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Learning to 'Place-Decode' the Elements of Urbanism

Chuck Wolfe champions the role of France's attachment to place as a laboratory for decoding the essential elements of urbanism.
September 5, 2014, 9am PDT | Charles R. Wolfe | @crwolfelaw
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CityDecoding_ChuckWolfe1In the first in an illustrated series, Wolfe explores the recent premise of the New York Times' Roger Cohen:  In France, perception of classic physical space is evolving as the role of cyberspace expands. 

Cohen wrote in early July about place-based aspects of the French struggle with modernity, noting:

[N]owhere else is the particularity of place and the singularity of a person's attachment to it more important.

Writing from France periodically through November, Wolfe follows Cohen's comment with a call for special attention to "place-decoding", using French cities and towns as a laboratory.  Wolfe notes:

There is nowhere better, in my opinion, to see the old world basis for the role of urban places, and how they define who we are in the urban context...  [I]n the narrow streets and pass-through places of old world urban cores, latent answers to urban riddles await our quizzical view. These answers are worthy of histories, sensational fiction and last, but not least, the inquiry of urbanists.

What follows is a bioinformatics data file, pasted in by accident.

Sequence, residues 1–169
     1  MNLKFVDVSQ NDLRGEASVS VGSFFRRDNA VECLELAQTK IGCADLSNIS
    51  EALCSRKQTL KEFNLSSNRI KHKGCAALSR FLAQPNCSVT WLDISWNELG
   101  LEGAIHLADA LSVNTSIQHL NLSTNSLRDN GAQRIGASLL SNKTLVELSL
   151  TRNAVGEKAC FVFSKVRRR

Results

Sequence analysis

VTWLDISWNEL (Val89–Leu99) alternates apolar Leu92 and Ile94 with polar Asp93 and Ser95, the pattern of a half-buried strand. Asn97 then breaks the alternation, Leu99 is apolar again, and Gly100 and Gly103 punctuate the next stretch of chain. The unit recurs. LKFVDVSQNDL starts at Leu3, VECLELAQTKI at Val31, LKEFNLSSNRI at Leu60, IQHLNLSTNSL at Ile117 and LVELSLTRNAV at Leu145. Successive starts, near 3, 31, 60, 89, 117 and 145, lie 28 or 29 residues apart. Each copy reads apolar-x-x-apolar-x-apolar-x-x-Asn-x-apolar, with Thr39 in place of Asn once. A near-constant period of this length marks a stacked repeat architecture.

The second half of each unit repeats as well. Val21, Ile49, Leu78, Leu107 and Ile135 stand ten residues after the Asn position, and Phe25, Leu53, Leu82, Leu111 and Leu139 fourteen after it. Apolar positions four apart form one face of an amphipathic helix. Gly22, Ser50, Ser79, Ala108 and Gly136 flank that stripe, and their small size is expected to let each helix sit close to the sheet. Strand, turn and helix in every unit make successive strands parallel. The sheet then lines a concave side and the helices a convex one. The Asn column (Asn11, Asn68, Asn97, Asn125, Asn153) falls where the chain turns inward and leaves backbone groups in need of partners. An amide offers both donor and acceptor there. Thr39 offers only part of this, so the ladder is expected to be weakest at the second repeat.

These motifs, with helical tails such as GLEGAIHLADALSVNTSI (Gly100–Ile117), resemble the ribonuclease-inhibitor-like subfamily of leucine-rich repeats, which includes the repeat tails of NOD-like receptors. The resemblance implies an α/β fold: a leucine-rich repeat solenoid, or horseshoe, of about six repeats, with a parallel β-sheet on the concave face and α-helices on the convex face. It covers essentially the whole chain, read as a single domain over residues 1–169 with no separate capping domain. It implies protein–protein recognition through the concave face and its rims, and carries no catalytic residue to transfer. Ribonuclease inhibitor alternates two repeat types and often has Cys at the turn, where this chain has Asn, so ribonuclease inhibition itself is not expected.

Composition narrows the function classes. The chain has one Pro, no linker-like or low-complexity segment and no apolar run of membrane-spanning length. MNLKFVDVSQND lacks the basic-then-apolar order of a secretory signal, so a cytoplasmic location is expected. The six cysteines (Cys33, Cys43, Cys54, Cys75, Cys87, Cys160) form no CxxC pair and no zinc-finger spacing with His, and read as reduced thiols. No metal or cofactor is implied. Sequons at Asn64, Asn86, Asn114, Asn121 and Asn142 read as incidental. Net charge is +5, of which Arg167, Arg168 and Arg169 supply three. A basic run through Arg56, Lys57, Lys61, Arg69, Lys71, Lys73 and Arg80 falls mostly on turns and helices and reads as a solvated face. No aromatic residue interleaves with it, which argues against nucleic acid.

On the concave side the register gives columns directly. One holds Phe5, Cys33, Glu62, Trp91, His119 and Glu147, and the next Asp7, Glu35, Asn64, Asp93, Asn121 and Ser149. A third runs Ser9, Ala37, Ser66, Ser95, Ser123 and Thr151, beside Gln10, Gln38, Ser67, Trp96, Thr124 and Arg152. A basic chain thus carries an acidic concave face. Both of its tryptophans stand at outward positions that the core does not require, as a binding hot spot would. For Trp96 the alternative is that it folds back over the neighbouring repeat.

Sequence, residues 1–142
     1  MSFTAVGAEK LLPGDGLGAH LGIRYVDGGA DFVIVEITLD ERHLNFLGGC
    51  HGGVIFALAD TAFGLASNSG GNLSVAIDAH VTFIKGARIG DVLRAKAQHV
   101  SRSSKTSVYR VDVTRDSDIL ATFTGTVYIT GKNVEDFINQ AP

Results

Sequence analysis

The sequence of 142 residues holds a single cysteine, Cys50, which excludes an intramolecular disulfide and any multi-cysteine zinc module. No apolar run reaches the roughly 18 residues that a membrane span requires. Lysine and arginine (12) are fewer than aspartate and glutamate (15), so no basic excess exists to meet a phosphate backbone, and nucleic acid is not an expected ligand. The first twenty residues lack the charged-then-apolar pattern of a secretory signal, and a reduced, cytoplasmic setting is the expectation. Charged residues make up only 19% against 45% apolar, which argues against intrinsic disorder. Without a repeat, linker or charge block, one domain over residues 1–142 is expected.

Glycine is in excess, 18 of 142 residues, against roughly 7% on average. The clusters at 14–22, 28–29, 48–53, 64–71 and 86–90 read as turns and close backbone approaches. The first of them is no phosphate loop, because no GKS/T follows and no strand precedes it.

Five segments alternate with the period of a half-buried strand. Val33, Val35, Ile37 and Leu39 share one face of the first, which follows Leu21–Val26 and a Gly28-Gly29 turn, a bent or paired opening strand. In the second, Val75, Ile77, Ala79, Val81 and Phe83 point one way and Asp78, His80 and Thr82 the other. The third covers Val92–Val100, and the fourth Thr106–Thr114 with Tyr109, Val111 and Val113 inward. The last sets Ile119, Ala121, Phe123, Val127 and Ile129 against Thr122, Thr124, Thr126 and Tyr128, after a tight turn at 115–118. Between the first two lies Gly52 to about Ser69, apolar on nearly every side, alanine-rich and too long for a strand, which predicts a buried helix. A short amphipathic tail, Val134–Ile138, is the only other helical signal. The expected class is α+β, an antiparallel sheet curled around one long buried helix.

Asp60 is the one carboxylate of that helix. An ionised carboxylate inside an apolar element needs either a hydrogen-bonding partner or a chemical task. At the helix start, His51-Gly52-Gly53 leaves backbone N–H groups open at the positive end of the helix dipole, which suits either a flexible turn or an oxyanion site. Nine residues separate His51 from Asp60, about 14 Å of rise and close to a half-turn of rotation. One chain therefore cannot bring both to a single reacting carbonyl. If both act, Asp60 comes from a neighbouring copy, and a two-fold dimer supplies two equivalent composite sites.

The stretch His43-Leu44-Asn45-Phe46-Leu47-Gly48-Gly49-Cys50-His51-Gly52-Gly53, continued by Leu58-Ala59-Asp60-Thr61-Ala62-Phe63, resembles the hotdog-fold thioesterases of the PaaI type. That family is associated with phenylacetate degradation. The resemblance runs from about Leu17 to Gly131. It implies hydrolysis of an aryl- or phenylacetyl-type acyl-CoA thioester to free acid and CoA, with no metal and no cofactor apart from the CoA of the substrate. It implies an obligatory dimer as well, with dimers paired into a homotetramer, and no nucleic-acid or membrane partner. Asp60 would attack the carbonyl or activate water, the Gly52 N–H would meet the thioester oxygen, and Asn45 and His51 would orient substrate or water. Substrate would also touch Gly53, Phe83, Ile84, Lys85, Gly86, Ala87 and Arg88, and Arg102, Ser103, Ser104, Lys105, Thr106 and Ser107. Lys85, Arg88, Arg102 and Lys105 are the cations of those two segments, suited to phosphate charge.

Consider a Dan Brown approach to the study of cities he suggests, "something we could easily call 'place-decoding'."

Place-decoding, Wolfe argues, is the necessary prerequisite to placemaking going forward. He presents five photographs, accompanied by five topical questions, and concludes:

[T]hese are the riddles of the old world worth illustrating and asking again, in places where their inspiration remains on eternal display -- begging for rediscovery, decoding and translation to modern life.


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Published on Thursday, September 4, 2014 in The Huffington Post
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